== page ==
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Re: [Web Timing] Getting root timings to recommendation

From: Sigbjørn Vik <sigbjorn@opera.com>
Date: Thu, 16 Sep 2010 12:09:17 +0200
To: "public-web-perf@w3.org" <public-web-perf@w3.org>
Message-ID: <op.vi4ehrb041y844@id-c0735.oslo.opera.com>
On Thu, 16 Sep 2010 03:18:29 +0200, Anderson Quach <aquach@microsoft.com>  

> The definition for requestEnd may need some more specificity, the spec  
> currently states "the time when the user agent finishes requesting the  
> current document from the server". Here are a few approaches to how  
> request end can be interpreted.
> *         When the browser has finished generating its request (often,  
> building a memory buffer) that it hands off to the network API. If so,  
> this time will be very close to 0.
> *         When the network API is done constructing its last buffer to  
> be sent over TCP. Some browsers may not have insight into this and lower  
> levels.
> *         When the TCP layer has send out its last packet to the server.
> *         When the server receives the last packet.
> Nic and I recommend defining requestEnd as "the point the browser  
> receives the first byte from the server", we maintain a browser-centric  
> POV that is well-defined and the easiest implementable solution by all  
> user agents.
> Defining it as such would also remove the large, very important gap of  
> waiting on the server.
> It would be great to get the perspective from Mozilla and Opera on the  
> request and response phase.

I haven't read the spec in detail before, and trying to make sense of it  
now I get somewhat confused.

The time taken to wait for the server is important, and should be easily  
available. I see a possible ambiguity in requestStart, which means  
(requestEnd - requestStart) might not equal the time spent waiting for the  
server. Consider the following scenario:

Time 0: The fetching starts
Time 1: The user agent asks the cache for the resource
Time 2: The cache responds: No hit
Time 3: The user agent queues the request for sending to the network layer
Time 4: A socket becomes available, and the user agent sends the request  
to the network layer
Time 5: The first byte reaches the user agent from the network layer

The time spent between time 0 and time 1 can in some cases be significant,  
waiting for a thread or DNS, the time between 1 and 2 can be significant  
particularly on devices with slow disks, and the time between time 3 and 4  
can also be significant in some scenarios.

The time taken waiting for the server is best estimated with (Time 5 -  
Time 4). According to various readings of the spec, requestStart might be  
either of Time 1, Time 3, and Time 4. Either connectStart is equal to Time  
0 (fetchStart), or connectStart indicates Time 4, so that can be used, but  
just sometimes.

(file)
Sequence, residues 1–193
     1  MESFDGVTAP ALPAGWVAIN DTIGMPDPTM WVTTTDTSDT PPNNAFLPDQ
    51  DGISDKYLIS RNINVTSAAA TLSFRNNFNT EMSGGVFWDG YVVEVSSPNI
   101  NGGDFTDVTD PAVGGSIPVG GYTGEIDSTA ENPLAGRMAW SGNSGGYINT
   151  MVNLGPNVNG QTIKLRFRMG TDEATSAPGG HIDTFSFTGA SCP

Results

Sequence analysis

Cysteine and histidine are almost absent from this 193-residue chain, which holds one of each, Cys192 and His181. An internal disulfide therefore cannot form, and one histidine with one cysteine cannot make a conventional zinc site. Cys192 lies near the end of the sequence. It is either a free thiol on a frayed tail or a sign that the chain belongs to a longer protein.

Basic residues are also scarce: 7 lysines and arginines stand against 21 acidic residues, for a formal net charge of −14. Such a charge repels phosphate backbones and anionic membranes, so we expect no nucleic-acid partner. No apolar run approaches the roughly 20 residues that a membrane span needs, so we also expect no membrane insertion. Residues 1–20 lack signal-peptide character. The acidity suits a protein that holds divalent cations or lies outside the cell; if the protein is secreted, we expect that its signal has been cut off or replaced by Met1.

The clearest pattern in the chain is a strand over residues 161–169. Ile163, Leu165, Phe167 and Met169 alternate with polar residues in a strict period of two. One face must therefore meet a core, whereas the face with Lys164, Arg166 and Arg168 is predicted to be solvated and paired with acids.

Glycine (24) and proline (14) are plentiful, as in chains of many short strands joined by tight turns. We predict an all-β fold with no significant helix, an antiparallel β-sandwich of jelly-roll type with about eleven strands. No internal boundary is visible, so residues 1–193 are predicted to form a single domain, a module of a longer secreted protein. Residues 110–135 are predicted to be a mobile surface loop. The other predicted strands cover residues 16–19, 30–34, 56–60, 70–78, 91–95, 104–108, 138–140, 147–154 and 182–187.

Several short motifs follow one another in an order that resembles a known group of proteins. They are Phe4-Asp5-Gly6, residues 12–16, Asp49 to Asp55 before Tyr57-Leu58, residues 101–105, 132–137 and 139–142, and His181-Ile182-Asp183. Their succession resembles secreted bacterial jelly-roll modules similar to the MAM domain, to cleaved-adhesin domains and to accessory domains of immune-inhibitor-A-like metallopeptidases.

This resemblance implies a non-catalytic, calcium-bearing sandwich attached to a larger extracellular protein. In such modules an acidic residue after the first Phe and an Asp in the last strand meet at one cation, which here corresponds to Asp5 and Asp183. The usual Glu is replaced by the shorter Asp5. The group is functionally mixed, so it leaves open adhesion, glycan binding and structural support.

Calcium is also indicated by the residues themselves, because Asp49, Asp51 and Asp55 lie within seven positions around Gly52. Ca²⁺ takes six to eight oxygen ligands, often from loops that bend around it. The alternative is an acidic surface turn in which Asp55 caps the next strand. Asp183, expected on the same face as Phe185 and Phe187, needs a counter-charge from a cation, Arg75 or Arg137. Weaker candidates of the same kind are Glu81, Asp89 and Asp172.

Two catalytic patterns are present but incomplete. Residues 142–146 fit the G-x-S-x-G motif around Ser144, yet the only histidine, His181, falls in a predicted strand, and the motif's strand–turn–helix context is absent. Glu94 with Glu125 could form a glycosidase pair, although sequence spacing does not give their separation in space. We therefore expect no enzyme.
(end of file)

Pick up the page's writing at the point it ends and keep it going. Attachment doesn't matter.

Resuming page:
It also confuses me that connectStart can have either of two values. Maybe  
connectStart should be Time 4 in the case of reusing a connection (and  
connectEnd the same)? And when using cached resources, connectStart should  
likely be Time 1, not Time 0 as currently? This would allow requestStart  
to be clarified as Time 1, even if the user agent later on sends the  
request to the network instead. With these changes, the time spent waiting  
for the resource plus the latency, can better be estimated using  
(requestEnd - connectStart) (the latency can be estimated with  
connectStart and connectEnd), and the overall time taken is available as  
(requestEnd - requestStart).

The definition of requestEnd needs to take into the account of pipelining.  
Thus it needs to be defined as "the point the browser receives the first  
byte *of the response* from the server", there might be many bytes before  

Given that, most time periods are available (except 2 and 3 above), and  
defining requestEnd as above will be the easiest, and not lose any  
important information.

Nitpick on the http://dev.w3.org/2006/webapi/WebTiming/ spec:
The first instance of ResourceTiming links to a missing link.
responseEnd should be defined identically to responseStart, i.e. both  
should use either "document" or "response", and responseEnd should  
substitute "from from" with "from the server, or from".
Could the spec be made more reader friendly by substituting all occurences  
of "the number of milliseconds between midnight of January 1, 1970 (UTC)  
and the time" with "the <a href='#time'>time</a>", and an explanation?
Does domainLookupStart need a clarification that if DNS lookup was started  
before fetchStart (in the case of DNS prefetching), domainLookupStart  
should still be set to fetchStart?

Sigbjørn Vik
Quality Assurance
Opera Software
Received on Thursday, 16 September 2010 10:09:40 UTC

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